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About this poet

Dora Malech is the author of Stet (Princeton University Press, 2018), Say So (Cleveland State University Poetry Center, 2011), and Shore Ordered Ocean (Waywiser Press, 2009). She is the recipient of a Writer’s Fellowship at the Civitella Ranieri Center, a Ruth Lilly Poetry Fellowship, and an Amy Clampitt Residency Award. She lives in Baltimore, where she is an assistant professor in The Writing Seminars at Johns Hopkins University.

Party Games

                        Might night right sight?
                                                —Andrew Joron

The first thing she did after we blindfolded her
and turned her in circles by her shoulders

was lunge
for where she thought her target hung

and hit tree trunk instead, with one strike
against it split the stick

in half to jagged dagger
in her

fists. The donkey gently swayed
within reach, barely grazed

and staring straight ahead with the conviction
inherent to its kind at the horizon

that a gaze
implies,

paper mane fluttering in the breeze of a near miss,
belly ballasted with melting chocolate kisses,

drawn grin belying its
thingness, rictus

of ritual and craft. She's grinning
too, and laughing, regaining

her balance,
planting her feet in a samurai stance.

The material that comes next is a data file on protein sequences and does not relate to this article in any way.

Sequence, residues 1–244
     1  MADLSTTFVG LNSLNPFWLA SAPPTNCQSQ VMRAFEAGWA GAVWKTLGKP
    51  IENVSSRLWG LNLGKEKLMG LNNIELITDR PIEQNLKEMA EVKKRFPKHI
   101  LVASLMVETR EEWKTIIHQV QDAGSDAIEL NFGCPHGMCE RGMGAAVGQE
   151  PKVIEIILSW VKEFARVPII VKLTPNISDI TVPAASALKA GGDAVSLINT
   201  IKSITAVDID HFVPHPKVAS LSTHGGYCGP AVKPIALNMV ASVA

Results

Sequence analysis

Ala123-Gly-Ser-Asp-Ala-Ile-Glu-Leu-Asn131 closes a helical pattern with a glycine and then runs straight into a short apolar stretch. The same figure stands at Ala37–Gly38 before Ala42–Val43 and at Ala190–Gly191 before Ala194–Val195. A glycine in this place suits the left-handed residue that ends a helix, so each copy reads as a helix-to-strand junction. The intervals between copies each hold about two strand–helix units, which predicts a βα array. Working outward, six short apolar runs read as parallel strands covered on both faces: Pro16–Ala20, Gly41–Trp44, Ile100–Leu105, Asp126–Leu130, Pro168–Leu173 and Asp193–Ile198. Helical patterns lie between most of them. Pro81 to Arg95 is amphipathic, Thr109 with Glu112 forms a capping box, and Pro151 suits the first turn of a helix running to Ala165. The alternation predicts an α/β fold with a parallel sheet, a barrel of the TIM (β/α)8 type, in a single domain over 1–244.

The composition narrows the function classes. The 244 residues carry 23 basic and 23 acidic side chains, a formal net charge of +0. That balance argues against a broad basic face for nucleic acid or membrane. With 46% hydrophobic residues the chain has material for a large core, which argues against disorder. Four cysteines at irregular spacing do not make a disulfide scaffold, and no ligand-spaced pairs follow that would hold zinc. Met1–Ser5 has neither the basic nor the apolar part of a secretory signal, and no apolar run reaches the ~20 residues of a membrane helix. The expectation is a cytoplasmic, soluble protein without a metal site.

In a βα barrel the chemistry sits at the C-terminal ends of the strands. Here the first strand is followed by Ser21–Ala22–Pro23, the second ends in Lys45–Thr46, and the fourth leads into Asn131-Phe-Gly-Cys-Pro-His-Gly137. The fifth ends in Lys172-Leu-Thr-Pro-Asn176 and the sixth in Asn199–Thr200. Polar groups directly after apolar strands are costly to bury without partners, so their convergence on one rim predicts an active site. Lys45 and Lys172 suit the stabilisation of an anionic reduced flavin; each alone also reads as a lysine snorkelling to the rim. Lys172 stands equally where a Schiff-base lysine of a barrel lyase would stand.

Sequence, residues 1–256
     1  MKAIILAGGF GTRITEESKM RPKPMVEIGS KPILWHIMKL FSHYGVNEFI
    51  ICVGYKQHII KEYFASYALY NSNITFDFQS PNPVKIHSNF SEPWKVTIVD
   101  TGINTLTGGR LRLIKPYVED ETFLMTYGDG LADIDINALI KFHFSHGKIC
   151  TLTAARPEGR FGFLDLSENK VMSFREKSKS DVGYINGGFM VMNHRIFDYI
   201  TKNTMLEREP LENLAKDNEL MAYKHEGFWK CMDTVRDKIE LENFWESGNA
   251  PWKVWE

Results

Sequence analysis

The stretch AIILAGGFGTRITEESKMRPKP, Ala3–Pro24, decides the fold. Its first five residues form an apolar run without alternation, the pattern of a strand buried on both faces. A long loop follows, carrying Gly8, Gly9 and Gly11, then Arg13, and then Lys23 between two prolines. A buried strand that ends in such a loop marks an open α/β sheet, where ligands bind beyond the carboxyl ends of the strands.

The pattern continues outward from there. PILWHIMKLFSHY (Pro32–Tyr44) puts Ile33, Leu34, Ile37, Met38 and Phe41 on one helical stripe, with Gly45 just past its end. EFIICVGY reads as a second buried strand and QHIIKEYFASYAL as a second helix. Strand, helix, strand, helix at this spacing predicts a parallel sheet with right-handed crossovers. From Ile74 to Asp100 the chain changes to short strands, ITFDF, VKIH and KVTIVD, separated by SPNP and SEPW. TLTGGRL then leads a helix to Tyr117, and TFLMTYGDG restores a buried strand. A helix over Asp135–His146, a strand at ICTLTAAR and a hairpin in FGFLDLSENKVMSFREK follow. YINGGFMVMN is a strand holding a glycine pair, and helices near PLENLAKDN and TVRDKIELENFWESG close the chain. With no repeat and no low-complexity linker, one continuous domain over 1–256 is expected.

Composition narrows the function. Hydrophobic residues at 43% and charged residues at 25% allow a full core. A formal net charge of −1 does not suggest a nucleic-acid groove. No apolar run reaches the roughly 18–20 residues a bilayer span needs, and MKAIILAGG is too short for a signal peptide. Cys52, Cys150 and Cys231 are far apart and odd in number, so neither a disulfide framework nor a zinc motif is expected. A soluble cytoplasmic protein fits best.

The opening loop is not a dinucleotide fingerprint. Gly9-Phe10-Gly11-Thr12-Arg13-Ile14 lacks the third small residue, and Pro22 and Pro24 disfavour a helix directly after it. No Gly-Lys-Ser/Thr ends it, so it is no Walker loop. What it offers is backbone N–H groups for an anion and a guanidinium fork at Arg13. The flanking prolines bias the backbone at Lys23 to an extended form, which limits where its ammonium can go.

She brandishes her splinter.
There's no harm in letting her

take another turn
without turning

her around again.
We think we know how this ends,

how good it feels to play at this,
violence and darkness,

the beast
that harbors something sweet.

Originally printed in The Hopkins Review. Copyright © 2015 by Dora Malech. Used with the permission of the author.

Originally printed in The Hopkins Review. Copyright © 2015 by Dora Malech. Used with the permission of the author.

Dora Malech

Dora Malech

Dora Malech is the author of Say So (Cleveland State University Poetry Center, 2010) and Shore Ordered Ocean (Waywiser Press, 2009).

by this poet

poem

In my favorite version, the man recites the alphabet
over and over, and when asked, he says he is praying.
He admits he lacks the words, but says perhaps if he provides
enough letters, God can piece his purpose back together.

The word is kavanah, translates to concentration or

poem

from      form
for to rest upon,      rent of, stop our
notes’      onset.
O sentence      once tense,
skin      inks
indelible, was      libel, sawed in
a shelf      aflesh.
In meat,      I meant,      in meat
begin      being
read,      dear,      a red
season

poem

Or else I said ash,       as I do.
                                                       Selah, rise

to it, all not      lit at.
                                        No lot

empty or otherwise
swore the pity more
empty or otherwise
poor.